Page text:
“If you imagine that I expect this Declaration, will ward off, Calamities from this Country, you are much mistaken.  A bloody Conflict We are destined to endure…If you imagine that I flatter myself, with Happiness and Halcyon days, after a Separation from Great Britain, you are mistaken again.  I don’t expect that our new Governments will be So quiet, as I could wish, nor that happy Harmony, Confidence and Affection between the Colonies, that every good American ought to study, labor, and pray for, a long time.

But Freedom is a Counterbalance for Poverty, Discord, and War, and more.  It is your hard Lot and mine to be called into Life, at such a Time.—Yet even these Times have their Pleasures.”

~ John Adams, letter to Samuel Chase, 01 July 1776


There has always been something completely singular about our nation.  This has been true from the first days of its formation, and it remains true today.  While there might be other democracies in existence now, ours is still unique in its characteristics and makeup.  Peoples and nations look to America as standing for something different, something truly revolutionary, and we’ve been both revered and reviled for it.  The Founding Fathers knew this would happen.  They knew their Declaration would cause a rift that could only end in conflict with their former mother country.  They also knew the ideals that the new America stood for would continue to attract dissent and discord in the future.  Being different is never the easiest path, for a person or a nation.  And the Founders knew when they set our nation on the path of freedom that we would always be a target.  At first, it was for the wrath of Great Britain, and in the future, they knew that we would be in for the rage of those who cannot stand a people proud to be free and proud to engage in a government system where everyone doesn’t always agree.  We have been, and always will be, a nation which attracts the best and the worst from humanity.  Those who feel the clarion call of liberty will always seek to be one with us, and those who cannot accept that anyone is or does things differently than they approve of, will seek to harm us.  Because we still are revolutionary.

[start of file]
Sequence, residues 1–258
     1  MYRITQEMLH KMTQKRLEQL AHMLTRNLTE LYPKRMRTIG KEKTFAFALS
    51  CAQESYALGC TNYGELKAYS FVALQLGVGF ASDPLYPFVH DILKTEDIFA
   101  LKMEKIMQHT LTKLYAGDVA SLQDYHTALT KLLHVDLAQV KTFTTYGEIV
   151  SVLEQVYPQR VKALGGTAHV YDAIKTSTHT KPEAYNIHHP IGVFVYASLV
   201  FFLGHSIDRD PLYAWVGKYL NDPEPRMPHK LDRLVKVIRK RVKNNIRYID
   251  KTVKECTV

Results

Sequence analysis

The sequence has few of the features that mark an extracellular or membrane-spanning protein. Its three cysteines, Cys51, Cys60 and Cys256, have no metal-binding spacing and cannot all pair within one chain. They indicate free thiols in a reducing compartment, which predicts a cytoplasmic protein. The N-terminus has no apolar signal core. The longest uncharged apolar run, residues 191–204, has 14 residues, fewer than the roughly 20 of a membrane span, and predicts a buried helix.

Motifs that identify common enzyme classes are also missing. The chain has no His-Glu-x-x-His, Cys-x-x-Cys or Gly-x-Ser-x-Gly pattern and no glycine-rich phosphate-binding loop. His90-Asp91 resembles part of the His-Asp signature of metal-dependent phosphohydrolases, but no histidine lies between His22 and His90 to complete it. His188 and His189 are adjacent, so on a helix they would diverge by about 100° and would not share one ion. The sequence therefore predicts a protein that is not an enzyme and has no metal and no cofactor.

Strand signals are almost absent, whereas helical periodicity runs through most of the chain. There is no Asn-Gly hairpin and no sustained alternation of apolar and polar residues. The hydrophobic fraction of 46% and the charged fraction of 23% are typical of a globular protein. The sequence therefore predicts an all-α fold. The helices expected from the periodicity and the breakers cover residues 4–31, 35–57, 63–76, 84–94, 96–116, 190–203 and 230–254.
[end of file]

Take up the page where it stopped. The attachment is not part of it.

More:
When John Adams penned the above letter to Samuel Chase, the official start of the American Revolution was quickly approaching.  But for Adams and the rest of New England, blood had already been spilt, and Boston had been living under siege.  The Battles of Lexington and Concord, the first real engagements of the Revolution, had happened more than a year previously, on the 19th of April in 1775.  So unlike many of his revolutionary contemporaries, Adams truly understood what would happen when rhetoric finally became action.  And yet, despite knowing it was a “hard lot” that the people would have to bear in order to secure their freedom, Adams never hesitated, and neither did the American people as a whole.  During eight years of war, more than 25,000 Revolutionary Americans on active military duty would lose their lives in service to the cause of independence, and a new kind of nation.  Did that dampen the grief of their loved ones or the heavy weight of responsibility felt by the men who set them on this path?  Certainly not.  But the importance and the meaning of their sacrifice endures, as we endure to this day.  We are the beneficiaries and the keepers of the freedom they left to us.

Freedom will never provide a foolproof safeguard against tragedy and calamity.  In fact, such revolutionary freedom will sometimes invite them in, whether we wish it or not.  But as a people, we can be confident that the sacrifices we make to preserve that freedom and our nation’s true character will never truly be in vain.  Because calamity cannot snuff out the fires of liberty and tragedy cannot destroy the spirit of freedom and independence upon which our nation is built.  As Americans, it’s been our hard lot in recent times to face destruction and discord.  Yet it’s as Americans that we take these times head on, just as our fore-fathers did – we help one another, we seek justice, and we rise above.  We are a revolutionary people, and our freedom will endure.


Res Publica


Documentation without Representation:

John Adams, letter to Samuel Chase, 01 July 1776 (minor modern grammatical corrections and emphasis added by me)

Electronic Text Courtesy of the Massachusetts Historical Society

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